Edition V17N05 | Year 2012 | Editorial Editorial | Pages 1 to 1
Esthetics, from Greek aisthesis, means perception, sensation. It is a philosophical reflection on beauty. In health sciences, the construction of meanings and values about body esthetics is increasingly present, influencing the identity construction of the individual and the perception that this one has about himself and what he understands as health.
In orthodontics, the patient?s seek for perfection is growing steadily in recent years. This increase has led orthodontists to search for new knowledge in other areas of dentistry and also in other health areas. This growing interest is strongly driven by consumption boosted by images generated by the great appeal of the media, where models with ?perfect? and ?white? smiles are presented to the public. It is clear, and concerning, that this appeal seems to induce the orthodontists to think as ?layman?, making us forget that we are, in first place, healthcare professionals.
The senses socially used to understand the care with what is considered healthy have been suffering strong influence of esthetic parameters that are apparently outside the field of health sciences. It is unquestionable that the esthetic rehabilitation of the patient is one of the primary objectives of orthodontic treatment; however, it cannot be the only focus. Just like it is impossible to understand the concept of health, and the care it imposes on contemporary urban society, without taking into account fashion, seduction, the spectacle and consumption. However, the appeal of esthetics-based ?marketing?, in its essence, has led many to think that way and make decisions based solely on the anxiety and pressure of this market, without considering the expectations of the patient.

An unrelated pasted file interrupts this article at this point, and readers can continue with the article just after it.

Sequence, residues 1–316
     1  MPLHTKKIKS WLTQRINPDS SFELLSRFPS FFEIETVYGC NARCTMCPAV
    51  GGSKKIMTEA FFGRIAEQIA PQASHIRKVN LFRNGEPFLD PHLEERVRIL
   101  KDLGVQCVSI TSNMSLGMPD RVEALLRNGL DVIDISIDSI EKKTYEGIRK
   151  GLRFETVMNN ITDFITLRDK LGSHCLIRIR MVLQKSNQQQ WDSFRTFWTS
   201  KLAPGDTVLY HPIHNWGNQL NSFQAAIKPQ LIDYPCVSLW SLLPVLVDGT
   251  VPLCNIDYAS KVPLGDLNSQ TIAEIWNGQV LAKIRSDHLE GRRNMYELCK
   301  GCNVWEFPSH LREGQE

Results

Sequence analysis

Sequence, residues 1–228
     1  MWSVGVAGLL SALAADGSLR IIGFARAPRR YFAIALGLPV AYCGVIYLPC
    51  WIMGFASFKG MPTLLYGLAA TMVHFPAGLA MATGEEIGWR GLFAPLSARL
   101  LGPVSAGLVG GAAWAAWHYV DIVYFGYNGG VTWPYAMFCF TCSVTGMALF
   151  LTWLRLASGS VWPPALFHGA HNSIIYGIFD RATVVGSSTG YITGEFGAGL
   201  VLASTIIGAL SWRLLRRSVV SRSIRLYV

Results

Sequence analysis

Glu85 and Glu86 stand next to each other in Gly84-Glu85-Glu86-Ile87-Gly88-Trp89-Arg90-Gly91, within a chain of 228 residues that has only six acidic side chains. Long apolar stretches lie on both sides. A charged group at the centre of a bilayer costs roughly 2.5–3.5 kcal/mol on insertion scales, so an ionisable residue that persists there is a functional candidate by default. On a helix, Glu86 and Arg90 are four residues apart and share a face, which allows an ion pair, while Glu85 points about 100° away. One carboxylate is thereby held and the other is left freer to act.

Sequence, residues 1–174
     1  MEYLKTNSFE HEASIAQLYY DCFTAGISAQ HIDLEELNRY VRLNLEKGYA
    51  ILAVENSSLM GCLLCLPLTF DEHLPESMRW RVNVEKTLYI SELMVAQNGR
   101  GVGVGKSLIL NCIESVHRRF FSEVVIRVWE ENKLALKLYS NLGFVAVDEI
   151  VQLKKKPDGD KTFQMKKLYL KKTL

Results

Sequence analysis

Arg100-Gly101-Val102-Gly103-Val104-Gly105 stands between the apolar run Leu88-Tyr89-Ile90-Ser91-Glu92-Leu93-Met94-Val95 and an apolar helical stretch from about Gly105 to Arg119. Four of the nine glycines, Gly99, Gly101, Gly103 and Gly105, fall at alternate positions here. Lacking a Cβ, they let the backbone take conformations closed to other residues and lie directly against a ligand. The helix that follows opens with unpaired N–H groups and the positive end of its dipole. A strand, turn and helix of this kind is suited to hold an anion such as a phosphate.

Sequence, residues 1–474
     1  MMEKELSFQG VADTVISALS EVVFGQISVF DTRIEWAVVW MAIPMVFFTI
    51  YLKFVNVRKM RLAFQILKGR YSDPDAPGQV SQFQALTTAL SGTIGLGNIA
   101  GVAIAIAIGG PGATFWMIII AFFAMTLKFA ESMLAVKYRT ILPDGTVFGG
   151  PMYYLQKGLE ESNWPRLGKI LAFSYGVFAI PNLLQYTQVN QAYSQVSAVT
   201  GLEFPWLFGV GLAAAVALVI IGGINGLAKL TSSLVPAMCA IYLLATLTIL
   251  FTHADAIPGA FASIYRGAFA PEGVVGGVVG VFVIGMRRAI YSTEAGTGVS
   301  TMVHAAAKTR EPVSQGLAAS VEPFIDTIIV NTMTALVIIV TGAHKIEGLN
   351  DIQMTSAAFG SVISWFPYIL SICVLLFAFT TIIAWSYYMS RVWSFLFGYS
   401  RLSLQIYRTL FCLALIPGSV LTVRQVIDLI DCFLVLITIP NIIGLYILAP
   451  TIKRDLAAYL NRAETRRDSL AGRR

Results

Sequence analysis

The fragmentation of our professional view, due to the appeal of the media and the market together, often encourages us to induce the patient to treat problems that he had never realized he had, regarding both the esthetics of the smile and face. Explaining all treatment possibilities, including plausible esthetic improvements, is one of our obligations, but this approach must be made using common sense and without impositions, because understanding that patients think in a diverse, individual and subjective way must be the premise of a cordial, honest and ethical relationship. Otherwise, the feeling is as if we were only dictators of an esthetic need, instead of spectators and connoisseurs of the needs of our patients.
The variability of esthetic perception is related to the educational, cultural and socioeconomic background, besides the emotional formatting of each individual. It is not easy to understand it. In orthodontics, it is not enough just to understand what affects the smile, it is necessary to diagnose what is outside the normal range, so we can establish a treatment plan. Just as in the functional problems we follow protocols which lead us to diagnose anomalies, the esthetic problems also require parameters so we can find the defects.1 In this context, the scientific research on the criteria used by orthodontists and patients to define a smile or a face as esthetically pleasing could build a solid stairway to understanding the differences between professional?s perception and patient?s perception. This issue of Dental Press Journal of Orthodontics, composed by articles that evaluate esthetics concepts in orthodontics, pretend to be one of these steps. Let?s take it…